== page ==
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Children of Paranoia Hardcover – September 8, 2011

4.4 out of 5 stars 49 customer reviews

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Editorial Reviews

Review

"Shane delivers vivid action sequences worthy of some of the most successful action-suspense novels. It's a disturbingly good adventure." -BuzzFocus.com

"One non-stop adrenaline rush that keeps you on edge to the very climax." -Game Vortex

"Shane's work here is impressive. He certainly knows how to stage an action scene and how to ratchet up tension. If you're in the market for an exciting, propulsive read... Children of Paranoia would make an excellent choice." -The Saturday Evening Post

"Children of Paranoia, the first installment of a planned trilogy, never flags, and kept this reader's attention rapt until its end." - Psychology Today

"Children of Paranoia is one crazy adventure with twists and turns that will excite readers who love a little action in their stories. Trevor Shane is one powerhouse of a writer" - Geeks of Doom

"A claustrophobic, relentless, fascinating ride that will have you eyeballing everyone you pass in the street." — Marcus Sakey, author of The Two Deaths of Daniel Hayes

"Like The Bourne Identity turned inside-out, [Trevor Shane's] protagonist navigates a world where banal choices like going to the ATM have life-and-death consequences. Filled with sharp plotting and vivid action, this book will stay with you long after you've raced to the end." — Chris Farnsworth, author of Blood Oath

From the Author

Please visit childrenofparanoia.com to read an excerpt, check out news and learn more.
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Product Details

  • Hardcover: 384 pages
  • Publisher: Dutton (September 8, 2011)
  • Language: English
  • ISBN-10: 0525952373
  • ISBN-13: 978-0525952374
  • Product Dimensions: 9.3 x 6.1 x 1.3 inches
  • Shipping Weight: 1.3 pounds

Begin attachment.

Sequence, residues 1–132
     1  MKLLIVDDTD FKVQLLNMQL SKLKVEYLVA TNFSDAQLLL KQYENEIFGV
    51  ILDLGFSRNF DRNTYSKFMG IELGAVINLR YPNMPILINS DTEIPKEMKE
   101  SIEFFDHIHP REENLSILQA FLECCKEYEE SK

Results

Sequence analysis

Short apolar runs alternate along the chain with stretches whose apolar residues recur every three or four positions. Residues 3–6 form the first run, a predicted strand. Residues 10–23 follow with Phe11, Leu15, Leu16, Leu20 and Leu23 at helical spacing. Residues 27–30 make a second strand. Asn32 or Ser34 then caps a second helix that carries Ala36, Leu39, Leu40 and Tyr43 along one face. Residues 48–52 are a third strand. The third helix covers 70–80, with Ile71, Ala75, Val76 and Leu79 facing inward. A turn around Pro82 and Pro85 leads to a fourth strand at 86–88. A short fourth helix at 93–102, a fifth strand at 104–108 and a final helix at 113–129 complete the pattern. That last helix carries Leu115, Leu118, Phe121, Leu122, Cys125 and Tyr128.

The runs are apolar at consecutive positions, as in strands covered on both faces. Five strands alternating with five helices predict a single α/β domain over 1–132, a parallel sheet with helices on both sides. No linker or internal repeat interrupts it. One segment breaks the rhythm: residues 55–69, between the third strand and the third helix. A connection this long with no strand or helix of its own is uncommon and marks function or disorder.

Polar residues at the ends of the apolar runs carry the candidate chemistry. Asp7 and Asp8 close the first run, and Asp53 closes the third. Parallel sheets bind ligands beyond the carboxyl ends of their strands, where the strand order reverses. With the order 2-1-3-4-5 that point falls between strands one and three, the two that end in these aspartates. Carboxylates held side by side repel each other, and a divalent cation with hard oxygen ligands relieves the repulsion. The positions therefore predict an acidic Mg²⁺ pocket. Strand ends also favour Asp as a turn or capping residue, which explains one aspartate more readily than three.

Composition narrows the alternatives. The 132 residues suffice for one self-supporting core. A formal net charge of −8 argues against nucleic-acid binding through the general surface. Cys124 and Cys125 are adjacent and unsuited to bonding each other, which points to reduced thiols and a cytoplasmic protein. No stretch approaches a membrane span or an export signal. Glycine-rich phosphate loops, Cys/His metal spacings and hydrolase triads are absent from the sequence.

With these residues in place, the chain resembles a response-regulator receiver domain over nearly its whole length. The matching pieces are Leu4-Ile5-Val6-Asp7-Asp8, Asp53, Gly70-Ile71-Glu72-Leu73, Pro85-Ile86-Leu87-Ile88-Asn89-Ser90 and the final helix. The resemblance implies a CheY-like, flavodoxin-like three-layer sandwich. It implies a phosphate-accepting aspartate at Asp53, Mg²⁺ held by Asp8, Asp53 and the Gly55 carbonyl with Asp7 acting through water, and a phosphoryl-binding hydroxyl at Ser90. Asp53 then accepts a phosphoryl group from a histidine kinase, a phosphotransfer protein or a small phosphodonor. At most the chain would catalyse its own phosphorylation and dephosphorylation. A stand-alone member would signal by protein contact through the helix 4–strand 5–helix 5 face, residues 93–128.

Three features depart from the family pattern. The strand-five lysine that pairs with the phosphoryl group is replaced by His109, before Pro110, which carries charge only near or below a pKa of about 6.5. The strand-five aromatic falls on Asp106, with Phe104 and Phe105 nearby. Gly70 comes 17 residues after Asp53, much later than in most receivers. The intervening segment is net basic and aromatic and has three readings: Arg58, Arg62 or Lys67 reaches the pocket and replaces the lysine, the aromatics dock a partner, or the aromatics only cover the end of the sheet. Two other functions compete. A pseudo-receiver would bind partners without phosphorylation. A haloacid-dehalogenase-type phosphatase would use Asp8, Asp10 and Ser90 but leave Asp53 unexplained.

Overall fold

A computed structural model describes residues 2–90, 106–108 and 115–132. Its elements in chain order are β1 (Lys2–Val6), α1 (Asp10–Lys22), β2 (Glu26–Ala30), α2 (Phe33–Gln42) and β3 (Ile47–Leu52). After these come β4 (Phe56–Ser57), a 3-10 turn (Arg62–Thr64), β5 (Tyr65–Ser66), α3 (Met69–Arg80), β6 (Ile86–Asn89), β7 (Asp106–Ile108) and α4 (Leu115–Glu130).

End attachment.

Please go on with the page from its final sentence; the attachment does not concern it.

• Average Customer Review: 4.4 out of 5 stars  See all reviews (49 customer reviews)
  • Amazon Best Sellers Rank: #2,702,720 in Books (See Top 100 in Books)

Customer Reviews

Top Customer Reviews

By TChris TOP 500 REVIEWER on December 13, 2011
Format: Hardcover
Children of Paranoia begins with a murder: an efficient strangulation. We soon learn that Joe, the murderer, is a professional killer, part of a group of assassins who carried out a series of murders that same day. Their motivation, revealed in an early chapter, is linked to the novel's premise: a clandestine war is afoot, waged by participants who begin training at sixteen and begin killing at eighteen (unless they are assigned to be intelligence officers or breeders). Trevor Shane is less quick to explain the war's purpose, why it started and what the two sides represent. Joe doesn't know. He simply believes he's one of the good guys and that the world will be a better place when all the bad guys are dead.

The war seems like one of those Hatfield-McCoy style feuds that has lasted for so many generations nobody can recall why it started. The beauty of this story lies in the uncertainty: Why is this war being waged? Are the bad guys really bad, the good guys really good? When two people on different sides happen to be friends, neither of them aware that the other is involved in the war, should their status as soldiers overcome their friendship?

The story of a professional killer in an unlikely war eventually intermingles with an even less likely love story as Joe meets the woman of his dreams while stalking his latest target. Most of the book, in fact, is written in the form of a letter (a very long letter) to the woman Joe loves (a technique that is ultimately flawed, since Joe ends up giving his lover detailed accounts of events she experienced firsthand). Due to a bizarre rule that binds the war's combatants, that relationship eventually causes a problem for Joe.